Before looking into this file, please check for any LATEST.OS2 files that may come with the binary distribution. Please also check out the following XFree86/OS2 WWW pages:
This version of the code is called XFree86/OS2 3.3.6. This is a bugfix release for 3.3.5 and previous versions which again adds hardware support for some newer cards, including AGP boards. XFree86-3.3.6 contains all security fixes that were released for earlier versions. See the RELNOTES document for details.
XFree86/OS2-3.3.6 is a full, unrestricted version which does not expire, and for which the complete source code is available. In contrast to beta versions, we consider this code as sufficiently stable for use by an end user. Since there have been numerous bugfixes, we recommend this version, even if you had XFree86/OS2 3.3.x before and it worked satisfyingly with your hardware. By the time 3.3.6 is released, the older version 3.3 will be withdrawn, and archives will be updated to this version. There may still be references to 3.3 or 3.3.x still in documents; these apply to 3.3.6 as well, unless otherwise noted.
Previous versions have been tested in a large number of configurations and have been found to be working, with some bugs left, rather flawlessly.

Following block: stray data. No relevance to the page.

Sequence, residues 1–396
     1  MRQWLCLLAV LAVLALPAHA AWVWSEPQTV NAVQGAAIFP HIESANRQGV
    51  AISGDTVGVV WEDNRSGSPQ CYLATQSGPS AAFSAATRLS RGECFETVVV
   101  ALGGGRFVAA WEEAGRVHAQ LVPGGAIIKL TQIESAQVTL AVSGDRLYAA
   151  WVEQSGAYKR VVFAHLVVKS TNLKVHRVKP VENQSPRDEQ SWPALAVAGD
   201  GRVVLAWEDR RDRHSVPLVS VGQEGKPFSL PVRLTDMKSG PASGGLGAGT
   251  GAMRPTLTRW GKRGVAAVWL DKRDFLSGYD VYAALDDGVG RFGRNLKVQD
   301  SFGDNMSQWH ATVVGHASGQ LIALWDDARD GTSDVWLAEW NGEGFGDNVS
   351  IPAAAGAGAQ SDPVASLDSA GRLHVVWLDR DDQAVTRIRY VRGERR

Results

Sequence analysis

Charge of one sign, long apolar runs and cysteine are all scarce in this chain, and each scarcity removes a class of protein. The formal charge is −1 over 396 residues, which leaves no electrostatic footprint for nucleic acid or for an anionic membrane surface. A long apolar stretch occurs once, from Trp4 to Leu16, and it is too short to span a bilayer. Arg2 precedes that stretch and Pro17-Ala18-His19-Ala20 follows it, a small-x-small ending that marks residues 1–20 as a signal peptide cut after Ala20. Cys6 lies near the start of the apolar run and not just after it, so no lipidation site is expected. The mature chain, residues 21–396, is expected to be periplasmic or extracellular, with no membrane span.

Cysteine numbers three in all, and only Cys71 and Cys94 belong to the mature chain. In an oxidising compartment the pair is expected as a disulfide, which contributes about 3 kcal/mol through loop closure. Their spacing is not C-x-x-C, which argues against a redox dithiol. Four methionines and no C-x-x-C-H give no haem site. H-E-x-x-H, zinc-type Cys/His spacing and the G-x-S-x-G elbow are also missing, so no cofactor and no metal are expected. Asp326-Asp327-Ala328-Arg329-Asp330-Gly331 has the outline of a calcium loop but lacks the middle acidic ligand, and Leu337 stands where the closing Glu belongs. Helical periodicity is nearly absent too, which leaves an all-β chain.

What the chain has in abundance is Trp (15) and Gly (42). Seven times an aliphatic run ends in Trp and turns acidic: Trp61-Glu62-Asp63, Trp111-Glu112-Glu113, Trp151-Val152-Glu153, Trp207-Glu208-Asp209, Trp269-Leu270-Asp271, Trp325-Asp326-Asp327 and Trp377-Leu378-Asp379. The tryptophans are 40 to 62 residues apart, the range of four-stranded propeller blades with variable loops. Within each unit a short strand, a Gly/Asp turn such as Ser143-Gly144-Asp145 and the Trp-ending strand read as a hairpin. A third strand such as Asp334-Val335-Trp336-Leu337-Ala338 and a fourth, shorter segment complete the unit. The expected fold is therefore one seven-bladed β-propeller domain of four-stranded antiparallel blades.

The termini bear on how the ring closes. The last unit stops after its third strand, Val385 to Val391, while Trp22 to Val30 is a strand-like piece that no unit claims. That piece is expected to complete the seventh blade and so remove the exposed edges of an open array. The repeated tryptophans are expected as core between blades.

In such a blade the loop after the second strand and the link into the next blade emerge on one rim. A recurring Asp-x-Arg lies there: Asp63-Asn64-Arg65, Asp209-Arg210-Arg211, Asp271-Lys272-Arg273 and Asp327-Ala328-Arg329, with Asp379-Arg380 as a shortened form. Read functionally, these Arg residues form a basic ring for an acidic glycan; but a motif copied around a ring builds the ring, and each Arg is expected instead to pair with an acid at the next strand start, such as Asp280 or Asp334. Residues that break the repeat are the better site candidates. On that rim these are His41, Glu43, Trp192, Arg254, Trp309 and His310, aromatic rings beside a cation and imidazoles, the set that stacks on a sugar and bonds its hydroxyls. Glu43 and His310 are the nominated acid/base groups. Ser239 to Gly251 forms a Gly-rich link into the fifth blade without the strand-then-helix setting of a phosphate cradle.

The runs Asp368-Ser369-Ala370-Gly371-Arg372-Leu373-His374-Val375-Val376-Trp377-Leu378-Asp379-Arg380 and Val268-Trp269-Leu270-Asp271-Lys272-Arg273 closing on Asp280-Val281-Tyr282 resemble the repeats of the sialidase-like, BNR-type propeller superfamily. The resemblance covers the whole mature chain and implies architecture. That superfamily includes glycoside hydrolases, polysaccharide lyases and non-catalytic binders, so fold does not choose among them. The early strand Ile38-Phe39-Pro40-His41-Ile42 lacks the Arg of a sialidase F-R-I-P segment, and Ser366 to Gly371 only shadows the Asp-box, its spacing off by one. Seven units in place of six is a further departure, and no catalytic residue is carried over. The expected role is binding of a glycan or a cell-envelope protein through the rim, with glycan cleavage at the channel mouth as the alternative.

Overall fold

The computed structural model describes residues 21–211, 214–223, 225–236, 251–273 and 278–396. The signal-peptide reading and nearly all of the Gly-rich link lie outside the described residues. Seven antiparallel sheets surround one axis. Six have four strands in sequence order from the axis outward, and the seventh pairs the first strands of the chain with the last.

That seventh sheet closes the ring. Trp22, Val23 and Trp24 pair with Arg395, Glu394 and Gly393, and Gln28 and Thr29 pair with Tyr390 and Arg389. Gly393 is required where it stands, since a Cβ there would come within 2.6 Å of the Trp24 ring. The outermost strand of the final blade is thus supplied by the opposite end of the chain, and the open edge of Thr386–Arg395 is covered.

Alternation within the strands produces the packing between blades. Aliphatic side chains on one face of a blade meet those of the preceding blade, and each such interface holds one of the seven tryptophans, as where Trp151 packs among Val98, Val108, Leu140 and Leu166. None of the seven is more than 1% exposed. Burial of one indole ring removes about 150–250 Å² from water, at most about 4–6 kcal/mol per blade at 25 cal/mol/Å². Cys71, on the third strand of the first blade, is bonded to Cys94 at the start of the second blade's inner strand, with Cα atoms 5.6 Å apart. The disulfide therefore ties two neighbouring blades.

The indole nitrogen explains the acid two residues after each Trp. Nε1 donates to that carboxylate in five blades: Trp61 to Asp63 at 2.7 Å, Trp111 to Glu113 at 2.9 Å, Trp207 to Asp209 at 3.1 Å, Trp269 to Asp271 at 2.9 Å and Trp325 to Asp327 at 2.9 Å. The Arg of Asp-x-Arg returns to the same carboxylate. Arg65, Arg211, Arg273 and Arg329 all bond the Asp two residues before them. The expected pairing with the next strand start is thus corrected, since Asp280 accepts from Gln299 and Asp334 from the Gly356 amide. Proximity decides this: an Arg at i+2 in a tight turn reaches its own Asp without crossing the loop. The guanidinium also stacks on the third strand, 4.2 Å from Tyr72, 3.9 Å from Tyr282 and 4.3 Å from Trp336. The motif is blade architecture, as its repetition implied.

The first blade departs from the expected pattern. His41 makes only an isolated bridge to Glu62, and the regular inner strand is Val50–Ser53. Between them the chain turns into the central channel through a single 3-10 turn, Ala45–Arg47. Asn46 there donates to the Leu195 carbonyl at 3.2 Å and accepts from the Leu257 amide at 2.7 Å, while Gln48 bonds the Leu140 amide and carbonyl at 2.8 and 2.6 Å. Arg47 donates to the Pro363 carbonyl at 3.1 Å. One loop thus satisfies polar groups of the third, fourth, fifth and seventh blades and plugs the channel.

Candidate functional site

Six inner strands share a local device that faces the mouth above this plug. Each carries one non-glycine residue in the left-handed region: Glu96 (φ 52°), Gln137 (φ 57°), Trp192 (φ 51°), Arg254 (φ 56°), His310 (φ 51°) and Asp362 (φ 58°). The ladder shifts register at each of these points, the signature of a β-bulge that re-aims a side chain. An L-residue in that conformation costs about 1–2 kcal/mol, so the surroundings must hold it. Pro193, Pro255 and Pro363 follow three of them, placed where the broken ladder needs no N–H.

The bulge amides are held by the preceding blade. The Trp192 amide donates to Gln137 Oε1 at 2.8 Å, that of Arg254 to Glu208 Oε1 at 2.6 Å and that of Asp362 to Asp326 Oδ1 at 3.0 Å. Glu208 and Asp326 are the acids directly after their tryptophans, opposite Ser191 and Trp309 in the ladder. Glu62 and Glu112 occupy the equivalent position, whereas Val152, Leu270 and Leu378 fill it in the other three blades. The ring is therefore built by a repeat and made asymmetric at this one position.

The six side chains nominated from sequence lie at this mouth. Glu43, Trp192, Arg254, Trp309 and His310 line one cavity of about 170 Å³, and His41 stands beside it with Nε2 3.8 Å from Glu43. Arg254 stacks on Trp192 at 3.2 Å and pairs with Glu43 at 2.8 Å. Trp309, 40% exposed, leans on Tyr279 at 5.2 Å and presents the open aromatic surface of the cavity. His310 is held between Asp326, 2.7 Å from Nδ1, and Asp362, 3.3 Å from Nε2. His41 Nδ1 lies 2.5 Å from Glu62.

This release is almost complete (with a few exceptions) regarding the X11R6.3 ``core'' distribution. A subset of the ``contrib'' distribution is available from the ported software page http://ais.gmd.de/~veit/os2/xf86ported.html
In the past beta testing, it has been found that the software itself is rather stable and does not damage hardware - provided the user does not try to push the builtin limits and change certain configuration parameters which could operate the video hardware out of specs.
It is recommended that you backup essential data of your system before installing this software, but this should be your general precautions before ANY installation. No reports exist that a crashing X server itself actively destroys or modifies data, but it is possible in rare cases that the system is left in an unusable state (video display mode garbled or system unresponsive, not reacting to mouse or keyboard actions). If you then hard reset or switch off the system, file caches of the operating system might not be written correctly back to disk, thus causing data loss.